Intense smells

i think my nose is on it’s own journey here.  the smells are intense.  some are glorious and others, absolutely foul.  there’s trash burning everywhere, people cooking over tiny charcoal stoves.  exhaust fumes that choke you and make you feel sick.  the smell of hard-working people crammed into matatus.  there’s amazing fresh fruit. and fish (which i don’t find so amazing) and hanging meat humming with flies.  and there’s the dirt.  red clay dirt.  it’s everywhere.  it smells like Africa. 

Waiting

i am slowly getting used to the idea that any time i go anywhere, i will have to wait.  sometimes for hours, sometimes for what seems like days.  especially as i navigate this adoption process, i have been reminded of my impatience.  it is especially frustrating when i wait somewhere for hours, only to be told that i should have gone to another place.  it is very normal to wait.

Being a mom

i’m growing into my role of mom for Mikisa.  i make mistakes. lots of them, every day.  as well as being her mom, i am also trying to fill the roles of a physical therapist, speech therapist, occupational therapist and teacher for Mikisa.  i enjoy her so much that i forget to do things that i should be doing.  my room is a disaster and my priorities are all shifting.  i am still not used to all the stares and questions.  it was bad enough when i walked down the road and people would yell “mzungu” from every direction.  now on top of feeling like an out-of-place celebrity, they also make rude comments about Mikisa.  they ask questions like, “did you steal that child?” “is that your baby?” “how did you produce a black baby?” and “You should put her back on the streets where she belongs.  she is good at begging, and that is all she will be able to do for the rest of her life.”  it’s really infuriating and sometimes i give them some serious attitude back.  usually i try to politely explain the situation, but communication is not a strength of many people here.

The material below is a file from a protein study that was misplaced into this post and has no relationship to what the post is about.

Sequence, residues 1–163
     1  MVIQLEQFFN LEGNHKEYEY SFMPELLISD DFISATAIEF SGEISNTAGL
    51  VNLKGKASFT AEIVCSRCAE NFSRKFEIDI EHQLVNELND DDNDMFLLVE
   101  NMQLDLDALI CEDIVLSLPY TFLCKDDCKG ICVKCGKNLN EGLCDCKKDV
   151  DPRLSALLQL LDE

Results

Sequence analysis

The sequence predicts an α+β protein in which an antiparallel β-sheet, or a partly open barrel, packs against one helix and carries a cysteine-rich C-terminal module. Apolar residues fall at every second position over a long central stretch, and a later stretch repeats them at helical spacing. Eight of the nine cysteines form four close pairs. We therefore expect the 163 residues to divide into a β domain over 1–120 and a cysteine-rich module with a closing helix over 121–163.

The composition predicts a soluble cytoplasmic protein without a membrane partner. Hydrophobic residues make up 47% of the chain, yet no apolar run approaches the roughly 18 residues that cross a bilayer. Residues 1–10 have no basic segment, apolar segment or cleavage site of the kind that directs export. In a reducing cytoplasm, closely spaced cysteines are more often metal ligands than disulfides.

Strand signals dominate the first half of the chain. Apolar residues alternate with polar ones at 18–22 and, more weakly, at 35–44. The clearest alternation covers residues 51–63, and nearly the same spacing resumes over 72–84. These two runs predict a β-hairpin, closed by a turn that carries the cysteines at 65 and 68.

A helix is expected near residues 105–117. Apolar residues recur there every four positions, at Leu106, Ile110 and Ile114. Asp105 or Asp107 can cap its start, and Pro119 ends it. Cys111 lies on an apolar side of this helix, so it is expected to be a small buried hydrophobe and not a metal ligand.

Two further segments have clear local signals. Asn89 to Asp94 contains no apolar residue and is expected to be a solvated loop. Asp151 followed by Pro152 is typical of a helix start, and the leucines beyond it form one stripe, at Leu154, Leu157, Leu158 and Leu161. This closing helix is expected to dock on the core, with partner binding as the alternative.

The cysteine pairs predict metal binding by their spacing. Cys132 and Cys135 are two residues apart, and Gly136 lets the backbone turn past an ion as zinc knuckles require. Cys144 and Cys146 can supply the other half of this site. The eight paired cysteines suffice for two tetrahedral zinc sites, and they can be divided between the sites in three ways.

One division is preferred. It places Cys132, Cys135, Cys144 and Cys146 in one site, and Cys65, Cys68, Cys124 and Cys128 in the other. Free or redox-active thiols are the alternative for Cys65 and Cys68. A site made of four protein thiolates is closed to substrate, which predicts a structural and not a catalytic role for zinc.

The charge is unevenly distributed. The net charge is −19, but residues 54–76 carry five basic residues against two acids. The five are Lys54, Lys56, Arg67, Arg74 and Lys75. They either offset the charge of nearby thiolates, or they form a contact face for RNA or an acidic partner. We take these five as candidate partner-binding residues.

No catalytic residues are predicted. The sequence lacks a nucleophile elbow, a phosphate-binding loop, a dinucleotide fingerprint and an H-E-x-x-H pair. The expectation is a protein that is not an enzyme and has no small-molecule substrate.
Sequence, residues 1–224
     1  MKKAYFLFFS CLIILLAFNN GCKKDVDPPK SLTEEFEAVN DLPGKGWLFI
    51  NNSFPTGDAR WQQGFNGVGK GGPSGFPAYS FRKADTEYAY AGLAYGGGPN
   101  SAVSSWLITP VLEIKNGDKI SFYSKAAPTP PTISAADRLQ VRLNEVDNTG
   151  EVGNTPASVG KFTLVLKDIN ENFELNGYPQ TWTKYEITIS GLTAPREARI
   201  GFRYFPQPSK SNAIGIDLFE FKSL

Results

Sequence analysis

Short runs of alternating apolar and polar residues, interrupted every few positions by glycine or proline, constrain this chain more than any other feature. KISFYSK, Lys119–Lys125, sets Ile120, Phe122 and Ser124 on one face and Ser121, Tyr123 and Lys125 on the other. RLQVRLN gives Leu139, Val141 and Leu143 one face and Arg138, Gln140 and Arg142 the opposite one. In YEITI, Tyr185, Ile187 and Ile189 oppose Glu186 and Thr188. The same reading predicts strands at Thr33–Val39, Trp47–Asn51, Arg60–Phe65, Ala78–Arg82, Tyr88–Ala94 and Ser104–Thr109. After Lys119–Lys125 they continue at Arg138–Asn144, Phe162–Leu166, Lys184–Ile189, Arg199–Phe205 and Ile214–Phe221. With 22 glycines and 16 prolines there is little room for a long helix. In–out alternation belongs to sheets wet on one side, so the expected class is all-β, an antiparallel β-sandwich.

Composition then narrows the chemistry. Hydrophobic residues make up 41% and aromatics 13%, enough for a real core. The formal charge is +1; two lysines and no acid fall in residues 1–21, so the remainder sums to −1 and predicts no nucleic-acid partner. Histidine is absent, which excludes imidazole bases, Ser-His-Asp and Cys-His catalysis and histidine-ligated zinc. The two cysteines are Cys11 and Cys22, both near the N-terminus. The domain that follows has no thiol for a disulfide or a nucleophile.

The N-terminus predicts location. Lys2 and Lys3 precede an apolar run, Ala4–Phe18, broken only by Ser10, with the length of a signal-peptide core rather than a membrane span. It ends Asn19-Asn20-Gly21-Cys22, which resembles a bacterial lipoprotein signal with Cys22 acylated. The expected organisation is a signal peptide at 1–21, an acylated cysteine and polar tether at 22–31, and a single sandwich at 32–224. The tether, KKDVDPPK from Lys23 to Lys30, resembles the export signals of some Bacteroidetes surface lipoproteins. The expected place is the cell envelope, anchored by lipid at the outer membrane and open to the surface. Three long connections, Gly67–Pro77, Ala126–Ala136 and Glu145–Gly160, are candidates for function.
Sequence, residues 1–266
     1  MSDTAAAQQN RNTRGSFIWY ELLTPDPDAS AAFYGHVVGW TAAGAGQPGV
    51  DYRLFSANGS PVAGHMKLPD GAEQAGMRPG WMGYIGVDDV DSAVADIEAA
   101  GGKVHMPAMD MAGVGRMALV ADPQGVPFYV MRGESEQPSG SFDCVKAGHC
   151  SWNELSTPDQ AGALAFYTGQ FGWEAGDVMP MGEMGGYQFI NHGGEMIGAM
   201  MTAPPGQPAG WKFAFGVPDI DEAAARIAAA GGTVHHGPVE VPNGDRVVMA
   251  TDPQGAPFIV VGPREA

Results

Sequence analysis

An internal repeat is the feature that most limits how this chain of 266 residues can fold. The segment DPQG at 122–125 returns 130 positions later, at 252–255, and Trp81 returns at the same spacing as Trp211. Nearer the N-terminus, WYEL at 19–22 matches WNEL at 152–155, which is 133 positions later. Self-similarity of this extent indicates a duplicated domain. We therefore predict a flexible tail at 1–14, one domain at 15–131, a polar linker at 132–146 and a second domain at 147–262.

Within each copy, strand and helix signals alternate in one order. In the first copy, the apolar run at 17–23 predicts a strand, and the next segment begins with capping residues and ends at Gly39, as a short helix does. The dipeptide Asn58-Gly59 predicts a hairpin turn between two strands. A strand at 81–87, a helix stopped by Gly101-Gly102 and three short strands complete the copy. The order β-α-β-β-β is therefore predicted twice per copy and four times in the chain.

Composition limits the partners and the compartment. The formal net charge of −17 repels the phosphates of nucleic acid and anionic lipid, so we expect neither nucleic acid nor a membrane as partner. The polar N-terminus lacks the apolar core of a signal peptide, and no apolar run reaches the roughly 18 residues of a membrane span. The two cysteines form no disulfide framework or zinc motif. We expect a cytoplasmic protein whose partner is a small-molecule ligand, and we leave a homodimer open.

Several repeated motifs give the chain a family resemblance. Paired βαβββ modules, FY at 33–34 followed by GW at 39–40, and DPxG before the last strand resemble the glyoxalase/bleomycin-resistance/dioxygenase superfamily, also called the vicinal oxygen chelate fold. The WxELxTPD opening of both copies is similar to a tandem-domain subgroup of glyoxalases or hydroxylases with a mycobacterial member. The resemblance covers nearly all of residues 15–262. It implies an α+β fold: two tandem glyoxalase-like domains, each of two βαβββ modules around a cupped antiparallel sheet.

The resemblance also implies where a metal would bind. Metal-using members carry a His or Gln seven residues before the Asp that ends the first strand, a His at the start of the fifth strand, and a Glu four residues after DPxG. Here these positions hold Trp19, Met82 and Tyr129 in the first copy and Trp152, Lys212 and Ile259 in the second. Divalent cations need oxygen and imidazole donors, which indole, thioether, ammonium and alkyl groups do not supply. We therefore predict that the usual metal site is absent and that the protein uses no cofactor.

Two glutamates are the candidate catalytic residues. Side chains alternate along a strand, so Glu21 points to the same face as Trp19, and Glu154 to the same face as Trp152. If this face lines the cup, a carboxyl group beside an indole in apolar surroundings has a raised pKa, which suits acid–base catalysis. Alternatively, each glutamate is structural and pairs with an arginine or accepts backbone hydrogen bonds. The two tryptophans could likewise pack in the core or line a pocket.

Living and loving

there are many more things that make up my new normal.  things like wondering where i’ll be in a year.   or five.  like trusting in God to provide and letting go of my perceived control of situations i find myself in.  it’s normal for me to forget to bathe for days because the water’s too cold and i’m too tired to haul in a jerry can.  it’s normal for me to wake up in the morning and crave coffee.  it’s normal for me to go to bed at night wondering if i’ll ever eat salad again.  it’s normal for me to cry…happy tears and sad tears.  and to laugh a lot more than i used to.  i hear music in my head again and see beautiful corresponding colors.  i kind of like my new normal.

*Many of you have asked how things are going with Mikisa.  Here is a brief update:

Mikisa Mae is growing up so quickly!  She now weighs about 25 pounds and is surprising me every day with new “firsts”.  She has started to talk a lot more…she speaks her own special language, but I love that she is trying so hard to communicate and she really believes that we understand what she’s saying.  she learns new words (English and Luganda) almost every day, and has just started saying “i love you” without promptingJ  I really love her so much!  she is also getting stronger, and we work about 1 hour a day just on her physical therapy exercises.  Mikisa is very stubborn, and she lets me know when she doesn’t want to practice standing or walking, but we do it anyways.